As the path reaches the pier, so to does it branch, one arm rising inland, the other forming a gentle incline over a more rocky part of the coast, skirting the unmistakable stepped foot of the Great Pyramid of Giza. At the top of this coastal rise, the path splits again. To one side, the arch of a great bridge spans a small inlet to where the Lighthouse of Alexandria stands on a broad rocky promontory. The bridge itself offers excellent views of the lighthouse, the Colossus and the rising peak of the Great Pyramid.

Beyond the bridge, the path dips through another rocky tunnel before rising and turning inland, passing the lighthouse to lead the way first to the Mausoleum at Halicarnassus then to the Hanging Gardens of Babylon, again by way of the Great Pyramid. The latter sits in a desert-like setting, complete with a small Sphinx and a number of obelisks gathered around it, with palm trees offering shade. It is from this sandy setting that paths may also be found to the remaining two Wonders: the Temple of Artemis and the Statue of Zeus at Olympia.

Sansar: Seven Wonders

Set under a bright summer’s sky, Seven Wonders presents each of the Seven Ancient Wonders of the World in its own mini-setting.  The walks around and through the park are pleasant and offer a very fair feeling of being in a theme park, with bench seating, balloons, rubbish bins – and even detritus of human passage where the bins have been ignored. However, this is a static experience – at least for those in Desktop mode. This may lead to a temptation to dismiss it as something that could just as easily be built within Second Life (space permitting). It’s also true the structures aren’t all accessible.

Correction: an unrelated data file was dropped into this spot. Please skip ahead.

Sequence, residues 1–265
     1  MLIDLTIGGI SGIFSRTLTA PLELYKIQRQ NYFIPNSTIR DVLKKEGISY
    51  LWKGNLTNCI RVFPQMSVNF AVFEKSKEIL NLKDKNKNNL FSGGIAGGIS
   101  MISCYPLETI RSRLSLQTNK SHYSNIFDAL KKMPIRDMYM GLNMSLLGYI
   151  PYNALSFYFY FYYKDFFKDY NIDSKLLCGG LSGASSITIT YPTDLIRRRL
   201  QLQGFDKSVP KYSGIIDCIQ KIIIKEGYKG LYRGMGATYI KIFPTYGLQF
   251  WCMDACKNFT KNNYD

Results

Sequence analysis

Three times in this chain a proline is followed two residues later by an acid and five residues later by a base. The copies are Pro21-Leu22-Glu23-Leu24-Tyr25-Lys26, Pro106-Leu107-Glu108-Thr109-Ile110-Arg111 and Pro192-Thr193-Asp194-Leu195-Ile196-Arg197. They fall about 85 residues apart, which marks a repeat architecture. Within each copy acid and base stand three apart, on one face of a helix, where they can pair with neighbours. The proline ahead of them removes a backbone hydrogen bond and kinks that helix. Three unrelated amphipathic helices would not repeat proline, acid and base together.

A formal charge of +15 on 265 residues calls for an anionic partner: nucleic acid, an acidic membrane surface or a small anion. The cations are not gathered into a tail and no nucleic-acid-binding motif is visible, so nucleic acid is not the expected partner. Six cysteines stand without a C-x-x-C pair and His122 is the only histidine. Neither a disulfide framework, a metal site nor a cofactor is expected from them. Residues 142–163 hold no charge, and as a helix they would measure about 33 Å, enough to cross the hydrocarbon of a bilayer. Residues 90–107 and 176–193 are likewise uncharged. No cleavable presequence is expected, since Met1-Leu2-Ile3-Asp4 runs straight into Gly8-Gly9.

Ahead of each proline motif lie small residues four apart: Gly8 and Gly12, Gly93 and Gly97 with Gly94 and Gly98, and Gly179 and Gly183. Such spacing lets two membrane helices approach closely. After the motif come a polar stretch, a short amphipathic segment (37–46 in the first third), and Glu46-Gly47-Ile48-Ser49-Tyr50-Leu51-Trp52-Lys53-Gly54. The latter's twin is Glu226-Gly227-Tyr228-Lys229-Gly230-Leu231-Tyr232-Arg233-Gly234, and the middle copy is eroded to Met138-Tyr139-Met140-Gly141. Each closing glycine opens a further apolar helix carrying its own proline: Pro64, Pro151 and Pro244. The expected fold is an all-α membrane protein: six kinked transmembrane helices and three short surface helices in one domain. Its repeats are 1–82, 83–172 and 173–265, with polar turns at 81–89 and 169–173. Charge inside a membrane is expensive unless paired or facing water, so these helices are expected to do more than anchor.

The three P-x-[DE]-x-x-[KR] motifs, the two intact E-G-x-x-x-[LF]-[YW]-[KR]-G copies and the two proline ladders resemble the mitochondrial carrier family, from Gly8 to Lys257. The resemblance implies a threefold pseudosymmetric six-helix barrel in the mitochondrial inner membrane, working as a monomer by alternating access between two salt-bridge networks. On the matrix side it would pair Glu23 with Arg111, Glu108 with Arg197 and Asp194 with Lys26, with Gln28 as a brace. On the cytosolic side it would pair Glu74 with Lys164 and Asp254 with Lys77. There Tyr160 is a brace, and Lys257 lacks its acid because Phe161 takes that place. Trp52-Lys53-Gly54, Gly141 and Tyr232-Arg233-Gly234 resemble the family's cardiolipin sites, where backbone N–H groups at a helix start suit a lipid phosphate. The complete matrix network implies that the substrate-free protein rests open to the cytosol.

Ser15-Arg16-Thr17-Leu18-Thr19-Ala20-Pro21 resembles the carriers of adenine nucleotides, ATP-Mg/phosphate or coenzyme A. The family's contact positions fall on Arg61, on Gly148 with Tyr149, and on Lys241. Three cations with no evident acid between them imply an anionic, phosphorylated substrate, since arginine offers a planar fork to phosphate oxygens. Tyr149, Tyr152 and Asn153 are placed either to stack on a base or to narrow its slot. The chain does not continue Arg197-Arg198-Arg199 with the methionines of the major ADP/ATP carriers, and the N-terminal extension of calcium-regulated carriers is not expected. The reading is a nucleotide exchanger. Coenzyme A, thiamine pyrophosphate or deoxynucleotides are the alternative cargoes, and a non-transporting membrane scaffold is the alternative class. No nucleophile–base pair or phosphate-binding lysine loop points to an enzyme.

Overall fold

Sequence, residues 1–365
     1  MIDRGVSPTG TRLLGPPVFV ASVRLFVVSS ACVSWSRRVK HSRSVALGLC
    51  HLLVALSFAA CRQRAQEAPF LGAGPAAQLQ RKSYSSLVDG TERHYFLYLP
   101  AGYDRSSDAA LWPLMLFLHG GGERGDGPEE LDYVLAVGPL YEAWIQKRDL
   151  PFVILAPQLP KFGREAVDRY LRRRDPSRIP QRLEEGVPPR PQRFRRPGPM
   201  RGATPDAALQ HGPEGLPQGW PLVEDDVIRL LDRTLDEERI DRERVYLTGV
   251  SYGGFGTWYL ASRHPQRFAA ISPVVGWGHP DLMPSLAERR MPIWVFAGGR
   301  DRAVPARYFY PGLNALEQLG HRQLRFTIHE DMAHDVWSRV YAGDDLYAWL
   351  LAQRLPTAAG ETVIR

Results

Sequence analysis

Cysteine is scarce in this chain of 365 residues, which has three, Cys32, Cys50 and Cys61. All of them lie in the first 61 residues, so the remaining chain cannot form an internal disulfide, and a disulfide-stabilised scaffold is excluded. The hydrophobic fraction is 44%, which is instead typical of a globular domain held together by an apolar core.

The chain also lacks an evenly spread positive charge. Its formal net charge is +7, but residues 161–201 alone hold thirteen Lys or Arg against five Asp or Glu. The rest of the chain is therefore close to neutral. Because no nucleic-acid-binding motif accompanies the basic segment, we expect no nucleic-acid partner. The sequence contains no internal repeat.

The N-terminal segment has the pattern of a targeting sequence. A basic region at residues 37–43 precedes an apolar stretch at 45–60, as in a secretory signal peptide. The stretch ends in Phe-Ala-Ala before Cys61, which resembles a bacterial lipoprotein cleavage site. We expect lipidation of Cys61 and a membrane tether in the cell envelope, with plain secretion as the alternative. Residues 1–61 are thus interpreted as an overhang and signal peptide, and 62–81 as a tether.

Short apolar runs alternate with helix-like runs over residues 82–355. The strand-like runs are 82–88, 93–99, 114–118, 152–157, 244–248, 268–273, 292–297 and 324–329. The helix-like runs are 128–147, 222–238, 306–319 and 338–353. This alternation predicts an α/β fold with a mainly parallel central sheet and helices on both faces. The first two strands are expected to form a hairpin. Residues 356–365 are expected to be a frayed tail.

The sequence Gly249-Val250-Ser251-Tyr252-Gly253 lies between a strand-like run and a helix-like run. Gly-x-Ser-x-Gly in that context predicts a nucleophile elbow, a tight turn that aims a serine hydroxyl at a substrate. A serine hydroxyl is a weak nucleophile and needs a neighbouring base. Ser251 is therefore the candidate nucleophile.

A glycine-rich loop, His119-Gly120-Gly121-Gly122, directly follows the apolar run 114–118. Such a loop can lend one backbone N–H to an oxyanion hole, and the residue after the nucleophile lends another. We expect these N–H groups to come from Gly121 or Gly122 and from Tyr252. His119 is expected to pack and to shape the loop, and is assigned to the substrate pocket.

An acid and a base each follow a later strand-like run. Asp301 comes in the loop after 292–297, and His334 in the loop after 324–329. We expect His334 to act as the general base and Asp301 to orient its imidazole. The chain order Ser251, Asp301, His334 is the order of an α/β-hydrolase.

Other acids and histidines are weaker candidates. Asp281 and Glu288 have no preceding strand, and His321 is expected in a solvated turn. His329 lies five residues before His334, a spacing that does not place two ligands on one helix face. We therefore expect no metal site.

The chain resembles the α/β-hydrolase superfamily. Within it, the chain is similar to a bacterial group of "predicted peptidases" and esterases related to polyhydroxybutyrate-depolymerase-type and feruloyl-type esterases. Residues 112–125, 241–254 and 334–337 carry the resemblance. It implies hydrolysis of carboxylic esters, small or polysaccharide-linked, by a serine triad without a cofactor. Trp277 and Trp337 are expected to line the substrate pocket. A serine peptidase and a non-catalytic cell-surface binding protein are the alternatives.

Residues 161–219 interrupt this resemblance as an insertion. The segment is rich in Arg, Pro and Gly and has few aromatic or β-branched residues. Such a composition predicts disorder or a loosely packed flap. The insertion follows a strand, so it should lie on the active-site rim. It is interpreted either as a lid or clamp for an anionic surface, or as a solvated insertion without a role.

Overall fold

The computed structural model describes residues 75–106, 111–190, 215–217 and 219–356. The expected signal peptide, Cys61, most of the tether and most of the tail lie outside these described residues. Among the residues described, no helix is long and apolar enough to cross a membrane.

Nevertheless, the experience does stand as a demonstration of what might be achieved as Sansar’s capabilities grow and people become more adept at using it and presenting models and information within their scenes and experiences. It’s not that hard to imagine visiting somewhere like this immersively in the future and gaining a virtual tour of each of these ancient monuments, complete with audio tour and visual aids, and the chance to witness what some of them may have looked like from within.

Sansar: Seven Wonders

In the meantime, Seven Wonders offers an interesting diversion and the chance to spend a pleasant time wandering under the virtual Sun.

Experience URL